Early this morning, something awful happened. We all woke up to the that occured during midnight screenings of the Batman film, The Dark Knight Rises. And when something bad happens in the news, it is our first instinct—as parents and even just people—to want to retract and withdraw. To wrap ourselves, our family and our friends in bubble wrap in hopes that none of life’s darker moments cast their shadow on the people we love.
This morning, I read that New York theaters are adding extra security for screenings of The Dark Knight Rises in all five boroughs. And there was a part of me that liked the idea of this protection. Even if it never would extend to me—three time zones and 2,800 miles away.
But the other larger part inside of me couldn't help but ask, "What’s next?” How far do we have to go to protect ourselves? What are necessary precautions? And what aren’t? We don’t want to have to look over our shoulders every time we leave the house. Nor should we.
It is true that we live in a scary, mean world at times. A world in which a young man can walk unnoticed into a crowded theater and open fire on innocent victims. But if we look around, there is more good than bad. As the days progress, I know we will hear about acts of heroism and valiant bravery from this morning. Somehow, the darkest moments of life tend to bring out shining examples of humanity. And I hope that is what we focus on.
I want to know more about the people inside the theater. Their hopes. Their families. Their future dreams. I don’t want to live in a society in which we dwell and give unnecessary glory to one deranged act of terrorism. My heart hurts for all those families and I (along with the entire nation) send them my deepest sorrow and prayers. But the best way we can pay tribute to their lives is to lift our attention to them and not to the cause of this horrible act. And while searching for some glimmer of hope, I found exactly what I was looking for.
According to U.S. News and NBC News, Jessica Ghawi, 24, was one of the victims in the theater last night. Ghawi had recently moved to Denver to peruse her dream of becoming a sports writer. Ironically, she narrowly escaped a mall shooting in Toronto just last month. In her blog (written under the pen name of Jessica Refield), she stated that she was visiting the city last June and stopped by a shopping mall to get something to eat when she got an “odd feeling” in her chest:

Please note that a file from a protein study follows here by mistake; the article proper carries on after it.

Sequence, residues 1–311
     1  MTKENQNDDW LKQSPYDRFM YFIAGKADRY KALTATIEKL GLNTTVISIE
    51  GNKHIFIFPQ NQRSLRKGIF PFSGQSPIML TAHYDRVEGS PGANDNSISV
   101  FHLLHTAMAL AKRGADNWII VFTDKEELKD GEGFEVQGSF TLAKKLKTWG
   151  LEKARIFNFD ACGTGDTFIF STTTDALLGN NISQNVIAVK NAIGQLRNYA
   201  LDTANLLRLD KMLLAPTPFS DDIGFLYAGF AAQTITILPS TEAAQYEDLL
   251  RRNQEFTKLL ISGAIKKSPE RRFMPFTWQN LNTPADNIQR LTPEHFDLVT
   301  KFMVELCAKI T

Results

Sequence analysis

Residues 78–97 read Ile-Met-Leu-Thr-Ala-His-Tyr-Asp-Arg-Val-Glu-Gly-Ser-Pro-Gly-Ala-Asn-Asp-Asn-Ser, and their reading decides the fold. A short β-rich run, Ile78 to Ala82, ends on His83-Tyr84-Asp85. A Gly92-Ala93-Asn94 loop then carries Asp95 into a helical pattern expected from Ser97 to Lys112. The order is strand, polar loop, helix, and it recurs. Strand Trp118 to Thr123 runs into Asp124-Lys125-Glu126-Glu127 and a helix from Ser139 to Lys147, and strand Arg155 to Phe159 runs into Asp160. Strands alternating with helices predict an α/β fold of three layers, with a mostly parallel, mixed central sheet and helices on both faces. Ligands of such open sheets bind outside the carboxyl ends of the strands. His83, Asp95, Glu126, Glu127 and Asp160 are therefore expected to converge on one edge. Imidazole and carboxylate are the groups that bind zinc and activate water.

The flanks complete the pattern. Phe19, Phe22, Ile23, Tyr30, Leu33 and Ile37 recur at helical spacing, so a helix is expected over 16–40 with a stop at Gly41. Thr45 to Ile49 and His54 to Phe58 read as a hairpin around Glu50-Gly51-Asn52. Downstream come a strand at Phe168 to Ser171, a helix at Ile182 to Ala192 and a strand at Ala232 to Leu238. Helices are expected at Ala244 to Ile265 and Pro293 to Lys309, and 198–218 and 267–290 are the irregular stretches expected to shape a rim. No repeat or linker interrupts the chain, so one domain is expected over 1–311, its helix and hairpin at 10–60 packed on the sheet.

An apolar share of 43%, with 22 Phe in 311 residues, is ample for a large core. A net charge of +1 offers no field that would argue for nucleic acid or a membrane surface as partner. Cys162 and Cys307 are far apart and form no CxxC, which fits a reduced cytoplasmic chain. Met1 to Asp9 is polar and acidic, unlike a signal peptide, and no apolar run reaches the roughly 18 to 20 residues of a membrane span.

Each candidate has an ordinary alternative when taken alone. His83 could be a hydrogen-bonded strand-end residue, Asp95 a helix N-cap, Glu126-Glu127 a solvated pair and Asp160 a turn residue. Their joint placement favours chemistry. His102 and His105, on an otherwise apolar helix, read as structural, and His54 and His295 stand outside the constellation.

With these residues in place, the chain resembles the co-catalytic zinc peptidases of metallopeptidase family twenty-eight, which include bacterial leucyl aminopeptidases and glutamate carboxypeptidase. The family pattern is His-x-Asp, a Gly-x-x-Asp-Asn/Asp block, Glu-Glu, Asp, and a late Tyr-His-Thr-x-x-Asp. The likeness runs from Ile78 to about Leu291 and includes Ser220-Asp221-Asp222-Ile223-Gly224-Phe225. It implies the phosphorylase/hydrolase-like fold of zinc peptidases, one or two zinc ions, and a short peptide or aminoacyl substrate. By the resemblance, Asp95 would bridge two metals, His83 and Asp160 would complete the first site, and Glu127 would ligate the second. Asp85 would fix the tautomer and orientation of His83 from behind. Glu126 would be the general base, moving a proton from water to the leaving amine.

“My receipt shows my purchase was made at 6:20 p.m. After that purchase I said I felt funny. It wasn’t the kind of funny you feel after spending money you know you shouldn’t have spent. It was almost a panicky feeling that left my chest feeling like something was missing. A feeling that was overwhelming enough to lead me to head outside in the rain to get fresh air instead of continuing back into the food court to go shopping at SportChek. The gunshots rang out at 6:23. Had I not gone outside, I would’ve been in the midst of gunfire."
She goes on to describe the scene in her blog. But more importantly she shares her reflections about the event.
“I feel like I am overreacting about what I experienced. But I can’t help but be thankful for whatever caused me to make the choices that I made that day. My mind keeps replaying what I saw over in my head. I hope the victims make a full recovery. I wish I could shake this odd feeling from my chest. The feeling that’s reminding me how blessed I am. The same feeling that made me leave the Eaton Center. The feeling that may have potentially saved my life.”
I was shown how fragile life was on Saturday. I saw the terror on bystanders' faces. I saw the victims of a senseless crime. I saw lives change. I was reminded that we don't know when or where our time on Earth will end. When or where we will breathe our last breath. For one man, it was in the middle of a busy food court on a Saturday evening.
I say all the time that every moment we have to live our life is a blessing. So often I have found myself taking it for granted. Every hug from a family member. Every laugh we share with friends. Even the times of solitude are all blessings. Every second of every day is a gift. After Saturday evening, I know I truly understand how blessed I am for each second I am given.
Tragically, Jessica is no longer able to peruse her dreams or share her wisdom with us. Her loved ones will most certainly miss her presence in their lives. And yet, we can benefit from what she left behind. I can’t help but wonder at the odd coincidence of surviving one shooting only to be a victim to another shooting in less than a month. She is proof that life is indeed fragile.
And I hope we choose to embrace life and all the good in it. It is worth noting that Jessica has spent the last few weeks of her life working hard to find sport equipment donations for the victims of the recent fires in Colorado. She understood the power of healing. And I believe that she wanted to teach us about the importance of life—through her actions and her words. I like to imagine that the last month of Jessica’s life was filled with all the things she talked about in her blog. Hugs. Family. Laughter. Charity. Evenings with friends. Solitude. Finding our dreams. And, most importantly of all, finding the good in all of the bad. I wish that for her family and all the other families suffering a loss today.